Amid a lingering propane shortage from low supplies and cold weather, Oklahoma officials announced several actions Friday to accelerate help for low-income customers and warned of prosecutions for price gouging.
In an executive order, Gov. Mary Fallin directed the Department of Human Services to give priority status to low-income families using propane who request help under the Low-Income Heating Assistance Program. She also asked the department to begin taking applications from propane customers to participate in the Energy Crisis Assistance Program. Applications were scheduled to start in March for that assistance program.
“I want to make sure we are making assistance available to Oklahomans who are struggling to keep warm because of the high propane prices,” Fallin said in a statement. “Many Oklahoma residents depend on the use of propane for survival during the winter months and the effects of the shortage are being felt throughout the state.”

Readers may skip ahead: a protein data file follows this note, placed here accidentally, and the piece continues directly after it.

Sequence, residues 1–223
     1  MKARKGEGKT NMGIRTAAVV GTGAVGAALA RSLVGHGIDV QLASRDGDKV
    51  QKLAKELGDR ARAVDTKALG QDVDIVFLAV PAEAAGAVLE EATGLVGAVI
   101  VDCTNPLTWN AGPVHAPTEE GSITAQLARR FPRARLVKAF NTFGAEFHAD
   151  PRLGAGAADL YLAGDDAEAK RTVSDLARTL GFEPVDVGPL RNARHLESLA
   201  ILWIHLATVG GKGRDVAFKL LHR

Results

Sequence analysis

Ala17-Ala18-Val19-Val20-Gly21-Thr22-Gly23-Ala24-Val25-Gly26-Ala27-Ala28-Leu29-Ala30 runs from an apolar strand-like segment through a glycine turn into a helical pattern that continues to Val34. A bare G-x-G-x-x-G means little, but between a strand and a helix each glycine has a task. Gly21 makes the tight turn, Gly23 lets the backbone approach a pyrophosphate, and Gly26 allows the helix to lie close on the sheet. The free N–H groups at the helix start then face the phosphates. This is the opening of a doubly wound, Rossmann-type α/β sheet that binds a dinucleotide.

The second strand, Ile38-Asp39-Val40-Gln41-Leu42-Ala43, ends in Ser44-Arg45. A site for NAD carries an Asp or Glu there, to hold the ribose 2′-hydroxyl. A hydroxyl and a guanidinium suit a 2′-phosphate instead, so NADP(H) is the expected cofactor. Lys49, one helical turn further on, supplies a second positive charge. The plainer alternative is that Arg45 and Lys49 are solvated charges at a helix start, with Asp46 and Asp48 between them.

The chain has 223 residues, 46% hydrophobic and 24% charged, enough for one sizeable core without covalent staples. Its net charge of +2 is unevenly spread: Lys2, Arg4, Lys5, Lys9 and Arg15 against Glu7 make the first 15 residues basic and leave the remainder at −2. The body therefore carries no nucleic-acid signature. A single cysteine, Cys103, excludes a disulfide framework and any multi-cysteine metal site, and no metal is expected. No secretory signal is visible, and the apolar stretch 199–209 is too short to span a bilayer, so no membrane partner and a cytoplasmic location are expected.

Propane is commonly used for heating homes in rural areas not served by natural gas. There are about 400,000 propane consumers in Oklahoma.
High propane prices in the Midwest are the result of both increased demand for crop drying in November and higher demand for space heating during the current cold snap, the Energy Information Administration said in a recent report.
Fallin's executive order also activated the Emergency Price Stabilization Act, which guards against price fixing and price gouging during emergencies. Fallin's executive order, an extension of an earlier one, will remain in effect until March 2.
Oklahoma Attorney General Scott Pruitt said his office will look into reports of artificial price increases or price fixing. He said those considering artificial price increases or price fixing can face criminal or civil action.
“It is important for consumers to know that while the price stabilization act may help consumers with artificial price increases in propane, it will not lower existing record high propane prices and only affects price increases caused by illegal activity,” Pruitt said in a statement.
Propane price fixing complaints
Oklahomans who suspect price gouging or price fixing should file a complaint with the attorney general's public protection unit at www.oag.ok.